John Roger Paas, The Sandrarts. Hollstein’s German Engravings, Etchings and Woodcuts, vols. XXXVIII to XLI. Rotterdam: Sound & Vision Interactive, 1994-1997. Vol. XXXVIII (Jacob von Sandrart) 251 pp., 277 b&w illus. ISBN 90-72658-42-6.
Vol. XXXIX (Jacob von Sandrart, cont.) 253 pp, 406 black and white illus. ISBN 90-72658-31-0, $350.
Vol. XL (Joachim von Sandrart, Joachim von Sandrart the Younger, Johann von Sandrart, Johann Jacob von Sandrart, Lorenz von Sandrart) 256 pp, 383 b&w illus. ISBN 90-72658-32-9.
Vol. XLI (Susanna Maria von Sandrart) 304 pp, 499 b&w illus. ISBN 90-72658-33-7.
As the heading of this review indicates, the project of cataloguing the prints of the Sandrart family amounts to no less than documenting a dynasty of artists and bringing together a monumental collection of German Baroque engravings and etchings. The patriarch of this dynasty, Joachim von Sandrart (1606-1688), was known more as a painter than as a printmaker, having been trained in that medium by Gerrit van Honthorst, whom he accompanied to the court of Charles I in England. Subsequent travels across Northern Europe and Italy were formative for Sandrart’s education as a learned painter and art historian. Sandrart associated with many leading artists and intellectuals, among them Nicolas Poussin, Claude Lorrain, Galileo, and Vincenzo Giustiniani. Late in his career, Sandrart began the encyclopedic artistic treatise for which he is best known, the Teutsche Academie (Nuremberg, 1675).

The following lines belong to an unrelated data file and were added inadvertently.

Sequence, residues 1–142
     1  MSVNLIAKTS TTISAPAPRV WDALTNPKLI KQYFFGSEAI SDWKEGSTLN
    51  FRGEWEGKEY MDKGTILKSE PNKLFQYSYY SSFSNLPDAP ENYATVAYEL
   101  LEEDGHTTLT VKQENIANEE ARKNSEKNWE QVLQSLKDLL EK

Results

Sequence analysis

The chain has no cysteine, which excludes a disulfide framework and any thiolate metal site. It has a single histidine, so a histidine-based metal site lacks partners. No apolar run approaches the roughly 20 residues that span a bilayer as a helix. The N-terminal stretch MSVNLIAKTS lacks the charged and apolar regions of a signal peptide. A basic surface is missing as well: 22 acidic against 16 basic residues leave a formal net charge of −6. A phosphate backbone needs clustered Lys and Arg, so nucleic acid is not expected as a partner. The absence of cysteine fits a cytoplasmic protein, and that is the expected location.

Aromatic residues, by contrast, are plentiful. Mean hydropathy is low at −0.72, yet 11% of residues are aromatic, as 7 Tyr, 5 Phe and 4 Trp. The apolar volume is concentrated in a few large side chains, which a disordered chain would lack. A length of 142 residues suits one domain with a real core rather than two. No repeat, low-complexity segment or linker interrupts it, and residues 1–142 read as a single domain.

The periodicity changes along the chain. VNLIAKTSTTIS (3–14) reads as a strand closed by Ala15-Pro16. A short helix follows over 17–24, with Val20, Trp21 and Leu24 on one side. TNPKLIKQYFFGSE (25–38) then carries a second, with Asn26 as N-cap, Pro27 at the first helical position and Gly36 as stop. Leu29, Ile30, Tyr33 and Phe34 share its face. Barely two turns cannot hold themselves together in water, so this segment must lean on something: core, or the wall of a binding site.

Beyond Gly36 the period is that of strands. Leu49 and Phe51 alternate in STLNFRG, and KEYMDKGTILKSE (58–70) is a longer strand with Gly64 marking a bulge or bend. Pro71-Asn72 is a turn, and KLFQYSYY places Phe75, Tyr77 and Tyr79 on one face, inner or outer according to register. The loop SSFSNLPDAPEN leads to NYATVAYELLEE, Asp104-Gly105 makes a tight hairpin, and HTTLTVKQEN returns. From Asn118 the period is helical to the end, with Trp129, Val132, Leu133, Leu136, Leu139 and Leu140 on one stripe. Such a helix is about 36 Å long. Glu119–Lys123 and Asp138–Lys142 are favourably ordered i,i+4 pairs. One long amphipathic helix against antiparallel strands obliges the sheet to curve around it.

Joachim’s nephew, Jacob von Sandrart, spent much of his career in Nuremberg, where he co-directed an academy of art founded there in the 1660s. Like his uncle, he enjoyed friendships with literati; however, he focused his artistic activity on printmaking and publishing, which may reflect the relatively high status that these fields enjoyed in relation to painting. The prints that bear his signature as engraver or etcher fill two of the Hollstein volumes of this series; on many more prints, he is designated as publisher. Jacob in fact established a profitable printing business, in which three of his children and at least one grandchild worked as engravers. The most prolific were Jacob’s daughter, Susanna Maria von Sandrart (1658-1716), who is represented by an entire volume (XLI) listing around 500 prints, and Jacob’s eldest son, Johann Jacob (1655-1698), who is the leading figure represented in vol. XL. In that same volume, we find four further prints connected with Jacob’s third child, Joachim von Sandrart the Younger (1668-1691), and two by Johann Jacob’s son Lorenz (c.1683-1753).